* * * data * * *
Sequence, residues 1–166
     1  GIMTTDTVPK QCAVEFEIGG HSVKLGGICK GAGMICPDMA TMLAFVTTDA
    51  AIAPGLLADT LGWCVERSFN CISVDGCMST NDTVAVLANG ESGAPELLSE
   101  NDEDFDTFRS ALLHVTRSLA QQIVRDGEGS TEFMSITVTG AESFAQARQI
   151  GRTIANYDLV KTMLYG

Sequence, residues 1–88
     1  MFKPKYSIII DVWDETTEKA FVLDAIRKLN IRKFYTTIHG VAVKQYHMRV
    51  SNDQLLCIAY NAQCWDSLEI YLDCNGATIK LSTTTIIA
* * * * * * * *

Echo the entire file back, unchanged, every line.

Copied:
Sequence, residues 1–166
     1  GIMTTDTVPK QCAVEFEIGG HSVKLGGICK GAGMICPDMA TMLAFVTTDA
    51  AIAPGLLADT LGWCVERSFN CISVDGCMST NDTVAVLANG ESGAPELLSE
   101  NDEDFDTFRS ALLHVTRSLA QQIVRDGEGS TEFMSITVTG AESFAQARQI
   151  GRTIANYDLV KTMLYG

Sequence, residues 1–88
     1  MFKPKYSIII DVWDETTEKA FVLDAIRKLN IRKFYTTIHG VAVKQYHMRV
    51  SNDQLLCIAY NAQCWDSLEI YLDCNGATIK LSTTTIIA